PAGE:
Callistemon pityoides is regarded as a synonym of Melaleuca pityoides.
It grows naturally to 3 m high and 2 m wide at altitudes from above 2000 m down to around 900 m. It is found commonly in and around sphagnum bogs and swamps and along watercourses in Queensland, New South Wales and Victoria, mainly on the coast and tablelands, often on granite or peat.
The leaves are narrow and sharply pointed, to abut 3 cm in length and less than 3 mm wide. The under-surface usually has scattered oil glands and silky hairs Younger leaves are entirely covered on both sides with dense silky hairs
The creamy-yellow flowers are produced on a dense terminal spike about 4 cm long, out of which grows a leafy shoot as flowering comes to an end.
Very small seed is produced in small globular woody capsules about 5 mm in diameter.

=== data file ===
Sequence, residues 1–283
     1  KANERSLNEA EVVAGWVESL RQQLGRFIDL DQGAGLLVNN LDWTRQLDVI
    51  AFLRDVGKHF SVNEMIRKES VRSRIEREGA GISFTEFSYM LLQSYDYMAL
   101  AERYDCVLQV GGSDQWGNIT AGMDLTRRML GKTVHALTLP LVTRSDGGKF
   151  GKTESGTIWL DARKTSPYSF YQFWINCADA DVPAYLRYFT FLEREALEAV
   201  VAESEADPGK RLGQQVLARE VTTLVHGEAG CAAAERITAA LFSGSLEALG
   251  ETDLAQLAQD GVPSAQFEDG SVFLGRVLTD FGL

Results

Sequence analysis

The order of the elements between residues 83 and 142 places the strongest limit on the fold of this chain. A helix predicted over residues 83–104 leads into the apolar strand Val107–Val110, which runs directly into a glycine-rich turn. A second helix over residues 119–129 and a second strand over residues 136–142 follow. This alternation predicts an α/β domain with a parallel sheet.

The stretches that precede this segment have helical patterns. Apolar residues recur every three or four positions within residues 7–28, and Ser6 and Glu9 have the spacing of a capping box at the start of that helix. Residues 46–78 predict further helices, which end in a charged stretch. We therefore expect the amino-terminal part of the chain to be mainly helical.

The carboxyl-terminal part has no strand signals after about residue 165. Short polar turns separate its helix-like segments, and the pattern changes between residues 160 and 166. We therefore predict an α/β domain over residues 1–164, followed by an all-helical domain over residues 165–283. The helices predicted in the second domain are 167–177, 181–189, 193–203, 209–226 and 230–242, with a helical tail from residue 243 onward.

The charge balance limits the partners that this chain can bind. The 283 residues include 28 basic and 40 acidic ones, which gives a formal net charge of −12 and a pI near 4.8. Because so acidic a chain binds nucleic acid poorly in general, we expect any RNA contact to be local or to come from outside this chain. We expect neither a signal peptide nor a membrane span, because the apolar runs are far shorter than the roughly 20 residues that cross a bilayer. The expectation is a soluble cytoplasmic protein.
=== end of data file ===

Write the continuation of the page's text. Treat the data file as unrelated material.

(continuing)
Will grow well in gardens even with less moisture than its natural habitat and is an excellent species for cultivation in cold climates.
The plant responds to annual fertilising after flowering and may be pruned severely if necessary. Prune 2/3rds off spent flower to encourage prolific growth and reduce woody stems.
Propagation is easy from both seed and cuttings.
Formerly known as C. sieberi.
(This species is regarded as a synonym of Melaleuca pityoides. Note that there is ongoing controversy about whether all Callistemon species should be absorbed into the Melaleuca genus).
Regenerates from seed and from epicormic shoots after fire.
Callistemon…from the combination of 2 Greek words of ‘callis’ meaning beauty and ‘stemon’ meaning stamen, referring to the flowers of the plant.
pityoides – from Greek pitys, pine and oides, like; referring to the pine-like leaves.
Not considered to be at risk in the wild.